(Published Questions & Answers)
You’ve done a lot of work in the area of human rights for women and children in Africa–when did the writing come into play? Were you writing on the side? (It would seem your career would have kept you quite busy).
There was no writing – unless you count hundreds of mind-numbing proposals written to funding agencies, and even more soul-crushing quarterly project reports — until I decided to try my hand at a novel. Growing up, I’d been told I was a good writer based mostly on my English compositions and the letters I wrote as a child to cousins living in other islands. With this in mind, I though of journalism as a career option and took the requisite writing courses – mostly journalistic writing, and one creative writing course. I wrote a few short stories at that point. In the end I decided to do my Masters in International Affairs, focusing on Africa, and went on to a career as an Africa development specialist.
LOUISE SIMONE BENNETT-COVERLEY, OM., OJ., MBE.
Louise Simone Bennett-Coverley, or affectionately Miss Lou, OM, OJ, MBE (September 7, 1919 – July 26, 2006) was a Jamaican folklorist, writer, and educator. She was born in Kingston, Jamaica and attended Ebenezer and Calabar Elementary Schools, St. Simon’s College, Excelsior College, and Friends College (Highgate, St Mary).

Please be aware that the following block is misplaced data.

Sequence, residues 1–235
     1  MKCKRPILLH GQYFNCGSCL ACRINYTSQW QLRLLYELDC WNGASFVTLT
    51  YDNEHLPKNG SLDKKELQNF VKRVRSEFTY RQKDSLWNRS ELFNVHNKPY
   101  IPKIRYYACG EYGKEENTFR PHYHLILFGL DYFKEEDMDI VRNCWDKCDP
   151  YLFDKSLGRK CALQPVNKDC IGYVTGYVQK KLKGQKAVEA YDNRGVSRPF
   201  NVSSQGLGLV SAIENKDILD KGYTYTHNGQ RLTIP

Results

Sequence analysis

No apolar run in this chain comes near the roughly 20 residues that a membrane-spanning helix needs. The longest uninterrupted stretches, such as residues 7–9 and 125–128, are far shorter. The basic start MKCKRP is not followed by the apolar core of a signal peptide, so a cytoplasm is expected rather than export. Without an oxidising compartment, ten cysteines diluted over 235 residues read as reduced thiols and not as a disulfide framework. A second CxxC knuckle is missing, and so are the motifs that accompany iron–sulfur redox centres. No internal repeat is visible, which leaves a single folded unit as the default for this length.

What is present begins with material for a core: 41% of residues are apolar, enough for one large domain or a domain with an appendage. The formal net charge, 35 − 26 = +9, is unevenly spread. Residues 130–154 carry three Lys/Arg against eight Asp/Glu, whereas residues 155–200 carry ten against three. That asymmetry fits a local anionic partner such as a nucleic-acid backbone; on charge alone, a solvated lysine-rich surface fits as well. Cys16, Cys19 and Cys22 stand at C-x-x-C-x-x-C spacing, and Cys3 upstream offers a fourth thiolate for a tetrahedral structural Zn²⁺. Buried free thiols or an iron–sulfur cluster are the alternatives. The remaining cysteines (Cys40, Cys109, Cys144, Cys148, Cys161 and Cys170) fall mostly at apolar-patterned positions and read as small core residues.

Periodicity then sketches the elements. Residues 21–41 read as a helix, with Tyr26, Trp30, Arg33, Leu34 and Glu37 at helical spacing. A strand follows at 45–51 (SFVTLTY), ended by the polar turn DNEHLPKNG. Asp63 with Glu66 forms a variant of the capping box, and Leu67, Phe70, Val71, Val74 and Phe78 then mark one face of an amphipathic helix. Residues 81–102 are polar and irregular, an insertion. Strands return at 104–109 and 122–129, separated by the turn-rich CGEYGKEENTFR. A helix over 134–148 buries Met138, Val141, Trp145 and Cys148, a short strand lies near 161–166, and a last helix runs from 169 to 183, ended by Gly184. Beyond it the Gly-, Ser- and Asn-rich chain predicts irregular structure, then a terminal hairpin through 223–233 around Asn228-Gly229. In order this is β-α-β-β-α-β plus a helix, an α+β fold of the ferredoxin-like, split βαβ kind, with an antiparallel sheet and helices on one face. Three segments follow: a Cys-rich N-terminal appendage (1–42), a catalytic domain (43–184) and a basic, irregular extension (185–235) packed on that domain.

Louise Bennett remains a household name in Jamaica, a “Living Legend” and a cultural icon.
Although she lived in Toronto, Canada for the last decade she still receives the homage of the expatriate West Indian community in the north as well as a large Canadian following.
She was described as Jamaica’s leading comedienne, as the “only poet who has really hit the truth about her society through its own language”, and as an important contributor to her country of “valid social documents reflecting the way Jamaicans think and feel and live” Through her poems in Jamaican patois, she raised the dialect of the Jamaican folk to an art level which is acceptable to and appreciated by all in Jamaica.
In her poems she was able to capture all the spontaneity of the expression of Jamaicans’ joys and sorrows, their ready, poignant and even wicked wit, their religion and their philosophy of life. Her first dialect poem was written when she was fourteen years old. A British Council Scholarship took her to the Royal Academy of Dramatic Art where she studied in the late 1940’s.
Bennett not only had a scholarship to attend the academy but she auditioned and won a scholarship. After graduation she worked with repertory companies in Coventry, Huddersfield and Amersham as well as in intimate revues all over England.
On her return to Jamaica she taught drama to youth and adult groups both in social welfare agencies and for the University of the West Indies Extra Mural Department.
She lectured extensively in the United States and the United Kingdom on Jamaican folklore and music and represented Jamaica all over the world. She married Eric Winston Coverley in 1954 (who died in 2002) and has one stepson and several adopted children. She enjoys Theatre, Movies and Auction sales.